Terrorists love Gmail but we made the Internet: ex-NSA and CIA director

Terrorists could use any one of several free US-based Web email services but they prefer Gmail, according to former NSA and CIA director Michael Hayden.

The former US intelligence boss who retired in 2008 and now speaks as security consultant made the claim at a speech in Washington DC on Sunday, referring to Gmail as an “Internet service provider” rather than a Web-based email service provided by Google.

A Washington Post tech blog reported on Sunday Hayden saying, "Gmail is the preferred Internet service provider of terrorists worldwide".

"I don't think you're going to see that in a Google commercial, but it's free, it's ubiquitous, so of course it is," he added.

Hayden made the comments as he defended the amendments in 2008 to the Foreign Surveillance Intelligence Act (FISA) which cleared the NSA to legally tap servers located in the US so long as it only gathered intelligence on non-US citizens.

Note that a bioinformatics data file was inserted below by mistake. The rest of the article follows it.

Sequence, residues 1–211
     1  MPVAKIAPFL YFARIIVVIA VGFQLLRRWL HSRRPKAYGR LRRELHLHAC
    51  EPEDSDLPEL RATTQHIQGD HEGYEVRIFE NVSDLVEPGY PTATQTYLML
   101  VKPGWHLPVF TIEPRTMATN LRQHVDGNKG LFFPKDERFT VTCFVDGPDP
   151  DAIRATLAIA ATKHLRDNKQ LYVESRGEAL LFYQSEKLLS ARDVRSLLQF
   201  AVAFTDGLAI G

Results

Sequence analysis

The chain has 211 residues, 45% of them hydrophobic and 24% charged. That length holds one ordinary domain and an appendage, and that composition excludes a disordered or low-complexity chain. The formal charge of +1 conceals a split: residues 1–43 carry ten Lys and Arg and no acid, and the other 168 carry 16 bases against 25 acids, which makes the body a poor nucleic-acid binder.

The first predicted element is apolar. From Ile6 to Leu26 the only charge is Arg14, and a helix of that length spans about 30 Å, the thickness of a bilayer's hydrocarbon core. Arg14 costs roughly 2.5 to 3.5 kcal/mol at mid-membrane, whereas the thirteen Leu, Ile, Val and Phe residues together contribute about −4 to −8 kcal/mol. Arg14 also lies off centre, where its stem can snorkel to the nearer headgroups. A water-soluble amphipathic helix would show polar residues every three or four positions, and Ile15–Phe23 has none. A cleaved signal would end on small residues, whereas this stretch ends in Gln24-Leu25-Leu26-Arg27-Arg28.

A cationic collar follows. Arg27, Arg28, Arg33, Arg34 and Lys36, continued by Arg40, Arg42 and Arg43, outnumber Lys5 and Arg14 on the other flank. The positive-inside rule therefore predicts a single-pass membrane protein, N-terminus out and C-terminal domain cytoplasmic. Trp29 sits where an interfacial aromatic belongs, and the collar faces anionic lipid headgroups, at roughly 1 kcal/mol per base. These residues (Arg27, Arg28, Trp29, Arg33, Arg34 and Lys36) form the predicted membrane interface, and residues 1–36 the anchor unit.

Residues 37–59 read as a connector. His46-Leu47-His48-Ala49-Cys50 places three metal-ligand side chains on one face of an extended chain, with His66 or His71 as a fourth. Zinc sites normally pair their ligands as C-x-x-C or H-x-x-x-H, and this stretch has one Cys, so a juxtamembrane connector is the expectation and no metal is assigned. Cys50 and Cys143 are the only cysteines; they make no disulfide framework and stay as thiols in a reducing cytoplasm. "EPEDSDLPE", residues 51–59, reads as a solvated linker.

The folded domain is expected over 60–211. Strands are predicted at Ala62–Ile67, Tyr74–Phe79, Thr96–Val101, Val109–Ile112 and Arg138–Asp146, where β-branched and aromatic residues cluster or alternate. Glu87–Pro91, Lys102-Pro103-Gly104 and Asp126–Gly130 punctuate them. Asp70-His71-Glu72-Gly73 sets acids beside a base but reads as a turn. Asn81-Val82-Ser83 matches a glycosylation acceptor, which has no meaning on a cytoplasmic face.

Hayden told the [[xref:http://www.afr.com/p/national/transcript_interview_with_former_KnS7JDIrw73GWlljxA7vdK |Australian Financial Review|]] in July the amendments dealt with an “anomaly” in FISA that treated all communications routed through the US as though they were its own citizens, therefore preventing the agency from spying on them.

Hayden sees the US government’s surveillance capabilities as a by-product of the platform being built there: America could be remembered “the way the Romans are remembered for their roads”.

As a “quintessentially American” platform, information flows through servers located in the US and it just happens that the government “takes a picture of it for intelligence purposes”, he said.

Hayden’s comments come amidst speculation that knowledge of the NSA’s PRISM program could chill consumption by non-US users of US cloud services.

A recent survey by industry organisation Cloud Security Alliance found that 10 per cent of 207 non-US members had cancelled contracts with US service providers following revelations of the program. A subsequent report claimed it could cost US cloud providers up to $35 billion by 2016 in forgone income.

But despite the potential impact on some US providers, as CSO Australia reported in July, some claim to have benefited, such as US-based secure cloud-storage provider SpiderOak.

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